Andy Warhol: But what kind of person really murders? I mean, why.
Alfred Hitchcock: In desperation. They do it in desperation.
Andy Warhol: Really?
Alfred Hitchcock: Absolute desperation. They have nowhere to go, there were no motels in those days, and they'd have to go behind the bushes in the park. And in desperation they would murder.
Andy Warhol: But what about a mass murderer.
Alfred Hitchcock: Well, they are psychotics, you see. They're absolutely psychotic. They're very often impotent. As I showed in "Frenzy." The man was completely impotent until he murdered and that’s how he got his kicks. But today of course, with the Age of the Revolver, as one might call it, I think there is more use of guns in the home than there is in the streets. You know? And men lose their heads?
Andy Warhol: Well I was shot by a gun, and it just seems like a movie. I can't see it as being anything real. The whole thing is still like a movie to me. It happened to me, but it’s like watching TV. If you're watching TV, it’s the same thing as having it done to yourself.
Alfred Hitchcock: Yes. Yes.
Andy Warhol: So I always think that people who do it must feel the same way.
Alfred Hitchcock: Well a lot of it’s done on the spur of the moment. You know.
Andy Warhol: Well if you do it once, then you can do it again, and if you keep doing it, I guess it's just something to do.
Alfred Hitchcock: Well it depends whether you've disposed of the first body. That is a slight problem. After you've committed your first murder.
Andy Warhol: Yes, so if you do that well, then you’re on your way. See, I always thought that butchers could do it very easily. I always thought that butchers could be the best murderers.
We previously announced some of the films that will be showing at the 13th Annual Tribeca Film Festival. The remaining films that will premiere in the Spotlight, Midnight and Special Screenings sections have also just been announced. Selections for Tribeca's Storyscape program were also revealed. The Festival will take place from April 16th to April 27th in New York City.
31 films will show as part of the Spotlight section, nine of them documentaries and 20 will make their world premieres. Narrative highlights include Ira Sachs's Sundance hit "Love is Strange," "Every Secret Thing," penned by Nicole Holofcener, Jon Favreau's "Chef," Courtney Cox's directorial debut, Roman Polanski's "Venus in Fur," and "In Your Eyes," written by Joss Whedon.
The Midnight section, which opens with the feature "Preservation," also includes seven very different films. "6," an unfinished documentary film by Louie Psihoyos ("The Cove"), will premiere in the Special Screenings category.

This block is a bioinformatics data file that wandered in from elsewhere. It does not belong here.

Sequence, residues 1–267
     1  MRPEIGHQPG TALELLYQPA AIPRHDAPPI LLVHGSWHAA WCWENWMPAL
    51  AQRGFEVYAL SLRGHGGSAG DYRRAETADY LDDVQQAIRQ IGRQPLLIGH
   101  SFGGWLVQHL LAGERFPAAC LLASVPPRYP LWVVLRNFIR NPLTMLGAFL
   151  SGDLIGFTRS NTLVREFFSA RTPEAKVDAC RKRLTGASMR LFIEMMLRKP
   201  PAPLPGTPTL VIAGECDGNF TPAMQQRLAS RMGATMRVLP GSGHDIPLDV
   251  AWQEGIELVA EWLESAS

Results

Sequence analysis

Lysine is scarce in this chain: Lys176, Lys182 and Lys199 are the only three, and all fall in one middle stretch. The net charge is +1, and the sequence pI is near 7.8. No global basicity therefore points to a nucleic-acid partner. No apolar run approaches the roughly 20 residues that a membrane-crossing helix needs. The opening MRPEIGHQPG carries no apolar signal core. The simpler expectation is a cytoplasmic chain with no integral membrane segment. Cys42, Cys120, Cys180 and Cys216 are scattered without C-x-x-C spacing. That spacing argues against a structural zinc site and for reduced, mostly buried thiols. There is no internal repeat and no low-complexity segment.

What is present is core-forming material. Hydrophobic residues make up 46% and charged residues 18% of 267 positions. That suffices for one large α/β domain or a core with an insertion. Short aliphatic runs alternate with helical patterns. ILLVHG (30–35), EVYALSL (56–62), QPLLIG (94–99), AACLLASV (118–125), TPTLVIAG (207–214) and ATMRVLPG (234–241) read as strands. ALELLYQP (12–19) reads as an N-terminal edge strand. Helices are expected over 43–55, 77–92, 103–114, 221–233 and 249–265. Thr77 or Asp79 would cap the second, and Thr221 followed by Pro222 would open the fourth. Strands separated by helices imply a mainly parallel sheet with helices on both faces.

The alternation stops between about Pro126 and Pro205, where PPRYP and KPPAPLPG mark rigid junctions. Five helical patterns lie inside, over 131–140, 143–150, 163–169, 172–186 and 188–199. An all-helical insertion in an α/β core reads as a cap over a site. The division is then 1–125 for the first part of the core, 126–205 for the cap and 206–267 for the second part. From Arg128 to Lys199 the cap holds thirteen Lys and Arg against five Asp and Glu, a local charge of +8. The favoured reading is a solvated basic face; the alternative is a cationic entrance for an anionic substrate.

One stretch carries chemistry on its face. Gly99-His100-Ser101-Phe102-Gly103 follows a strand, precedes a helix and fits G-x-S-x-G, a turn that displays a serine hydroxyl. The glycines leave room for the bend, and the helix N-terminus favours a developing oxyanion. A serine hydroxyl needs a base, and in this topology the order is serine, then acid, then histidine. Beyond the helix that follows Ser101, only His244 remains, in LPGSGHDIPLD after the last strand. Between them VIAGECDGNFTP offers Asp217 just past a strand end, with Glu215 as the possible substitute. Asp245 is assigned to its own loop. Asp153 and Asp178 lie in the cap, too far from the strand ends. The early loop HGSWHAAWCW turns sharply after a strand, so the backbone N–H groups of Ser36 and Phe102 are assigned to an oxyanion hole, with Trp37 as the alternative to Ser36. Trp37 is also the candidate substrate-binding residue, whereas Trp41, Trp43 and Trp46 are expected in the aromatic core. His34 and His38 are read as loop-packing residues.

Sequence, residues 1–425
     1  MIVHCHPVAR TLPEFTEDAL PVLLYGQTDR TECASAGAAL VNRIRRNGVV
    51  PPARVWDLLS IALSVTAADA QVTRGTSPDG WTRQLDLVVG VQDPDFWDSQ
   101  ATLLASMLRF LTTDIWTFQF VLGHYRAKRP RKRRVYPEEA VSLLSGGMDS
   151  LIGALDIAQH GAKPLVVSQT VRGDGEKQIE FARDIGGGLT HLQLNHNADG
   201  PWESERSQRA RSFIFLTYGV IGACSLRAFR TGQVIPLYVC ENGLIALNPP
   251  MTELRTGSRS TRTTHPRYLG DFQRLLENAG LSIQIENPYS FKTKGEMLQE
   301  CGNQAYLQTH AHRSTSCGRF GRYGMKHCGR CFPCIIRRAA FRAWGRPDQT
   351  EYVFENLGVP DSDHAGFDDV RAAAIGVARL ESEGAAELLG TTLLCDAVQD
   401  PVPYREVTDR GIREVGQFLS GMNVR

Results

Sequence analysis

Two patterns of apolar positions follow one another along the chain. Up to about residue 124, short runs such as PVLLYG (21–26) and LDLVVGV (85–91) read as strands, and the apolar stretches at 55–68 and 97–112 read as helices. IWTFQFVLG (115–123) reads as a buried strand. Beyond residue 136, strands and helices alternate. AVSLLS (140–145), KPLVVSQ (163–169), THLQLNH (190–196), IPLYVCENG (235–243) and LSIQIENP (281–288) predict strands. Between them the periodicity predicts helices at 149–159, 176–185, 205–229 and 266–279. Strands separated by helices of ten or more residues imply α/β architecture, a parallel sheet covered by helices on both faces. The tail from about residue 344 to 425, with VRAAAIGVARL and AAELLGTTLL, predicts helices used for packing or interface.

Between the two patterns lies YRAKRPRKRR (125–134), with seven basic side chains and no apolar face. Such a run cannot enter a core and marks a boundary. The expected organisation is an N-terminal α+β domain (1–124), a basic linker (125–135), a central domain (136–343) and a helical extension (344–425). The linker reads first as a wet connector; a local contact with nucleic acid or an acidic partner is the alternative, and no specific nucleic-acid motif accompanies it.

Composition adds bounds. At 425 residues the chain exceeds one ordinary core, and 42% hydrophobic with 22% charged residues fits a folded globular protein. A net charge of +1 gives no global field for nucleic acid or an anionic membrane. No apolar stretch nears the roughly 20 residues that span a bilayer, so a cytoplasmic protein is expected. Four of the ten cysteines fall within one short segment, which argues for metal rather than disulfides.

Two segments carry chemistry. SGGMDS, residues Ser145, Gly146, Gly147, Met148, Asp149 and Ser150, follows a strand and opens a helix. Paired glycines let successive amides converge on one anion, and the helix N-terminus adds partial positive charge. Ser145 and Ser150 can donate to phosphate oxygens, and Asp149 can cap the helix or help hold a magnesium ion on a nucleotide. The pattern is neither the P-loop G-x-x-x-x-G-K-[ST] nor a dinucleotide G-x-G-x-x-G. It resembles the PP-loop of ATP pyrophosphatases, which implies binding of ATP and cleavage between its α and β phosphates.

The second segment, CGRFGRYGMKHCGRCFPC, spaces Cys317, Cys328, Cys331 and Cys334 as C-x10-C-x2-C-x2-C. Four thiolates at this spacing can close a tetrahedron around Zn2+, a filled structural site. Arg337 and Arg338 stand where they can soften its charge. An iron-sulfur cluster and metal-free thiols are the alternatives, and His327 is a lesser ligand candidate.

"Spotlight and Special screenings are an especially dynamic aspect of this year’s program, both in range of styles and stories," said Genna Terranova, Director of Programming. "Many films feature real-life personalities who’ve accomplished extraordinary feats, while in other films we see personal relationships at pivotal moments of transition. We look forward to sharing these engaging stories with audiences."
For the second time, Tribeca will also be hosting the Storyscape program, an event hosted with Bombay Sapphire that celebrates the collaboration between technology and filmmaking.
Workaholic environmental attorney Alex (Mary Elizabeth Winstead) has always relied on her husband George (Chris Messina) to take the reins at home. But when he unexpectedly asks for a break, his departure forces Alex to reevaluate her life as she juggles the care of her son and needs of an aspiring-actor father (Don Johnson), all amid the most important case of her life. Actor Chris Messina steps behind the camera for his directorial debut about a woman pushed to the edge who finds the strength to press on.
"All About Ann: Governor Richards of the Lone Star State", directed by Keith Patterson and Phillip Schopper. (USA) – World Premiere, Documentary. An unmissable documentary for any political junkie, "All About Ann" celebrates the achievements of larger-than-life Ann Richards, who became the first elected female governor of Texas. Her cool demeanor, acid wit, and passion for social inclusivity made her one of the most powerful and progressive governors in U.S. history, a liberal democrat intent on building “the new Texas.” But, when the 1994 election begins, Richards is faced with her toughest challenge yet, as an increasingly conservative majority turn towards a new, pro-business candidate: George W. Bush. An HBO Documentary Film.
"Boulevard", directed by Dito Montiel, written by Douglas Soesbe. (USA) – World Premiere, Narrative.
Nolan Mack, a soft-spoken bank employee, undoubtedly loves his wife Joy, though their cavernous empty house only underscores how disconnected they’ve always been from each other. Nolan finds himself drifting from his familiar present-day life in pursuit of lost time after meeting a troubled young man named Leo on his drive home. What begins as an aimless drive down an unfamiliar street turns into a life-altering series of events. Robin Williams and Kathy Baker deliver quietly stirring performances in this touching film about finding the strength to be true to yourself at any age.
"Bright Days Ahead" ("Les beaux jours"), directed by Marion Vernoux, written by Fanny Chesnel. (France) – U.S. Premiere, Narrative.
In this sophisticated and sexy drama, a newly retired woman in her 60s (French cinema icon Fanny Ardant, "8 Women" and "Confidentially Yours") finds herself tumbling into an affair with a much younger man (Laurent Lafitte, "Little White Lies"), her computer teacher at the local seniors’ club. As she finds herself courting danger—taking her young lover to places they could easily be discovered by her husband (Patrick Chesnais, "The Diving Bell" and "the Butterfly")—she must decide if her retirement will mark the end for her marriage, or a new beginning. In French with English Subtitles. A Tribeca Film Release.